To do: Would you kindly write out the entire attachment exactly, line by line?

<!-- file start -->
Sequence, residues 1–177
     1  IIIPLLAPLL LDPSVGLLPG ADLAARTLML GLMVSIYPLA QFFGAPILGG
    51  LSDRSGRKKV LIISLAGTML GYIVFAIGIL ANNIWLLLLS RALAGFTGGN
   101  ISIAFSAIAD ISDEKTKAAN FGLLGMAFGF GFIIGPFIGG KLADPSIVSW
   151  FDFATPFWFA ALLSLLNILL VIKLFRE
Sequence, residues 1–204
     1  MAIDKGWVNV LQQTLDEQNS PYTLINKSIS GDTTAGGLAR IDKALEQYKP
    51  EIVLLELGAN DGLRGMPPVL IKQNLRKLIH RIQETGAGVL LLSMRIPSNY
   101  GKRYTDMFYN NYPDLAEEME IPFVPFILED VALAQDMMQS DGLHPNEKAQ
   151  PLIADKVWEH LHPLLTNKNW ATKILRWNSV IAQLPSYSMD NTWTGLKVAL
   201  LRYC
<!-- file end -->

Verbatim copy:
Sequence, residues 1–177
     1  IIIPLLAPLL LDPSVGLLPG ADLAARTLML GLMVSIYPLA QFFGAPILGG
    51  LSDRSGRKKV LIISLAGTML GYIVFAIGIL ANNIWLLLLS RALAGFTGGN
   101  ISIAFSAIAD ISDEKTKAAN FGLLGMAFGF GFIIGPFIGG KLADPSIVSW
   151  FDFATPFWFA ALLSLLNILL VIKLFRE
Sequence, residues 1–204
     1  MAIDKGWVNV LQQTLDEQNS PYTLINKSIS GDTTAGGLAR IDKALEQYKP
    51  EIVLLELGAN DGLRGMPPVL IKQNLRKLIH RIQETGAGVL LLSMRIPSNY
   101  GKRYTDMFYN NYPDLAEEME IPFVPFILED VALAQDMMQS DGLHPNEKAQ
   151  PLIADKVWEH LHPLLTNKNW ATKILRWNSV IAQLPSYSMD NTWTGLKVAL
   201  LRYC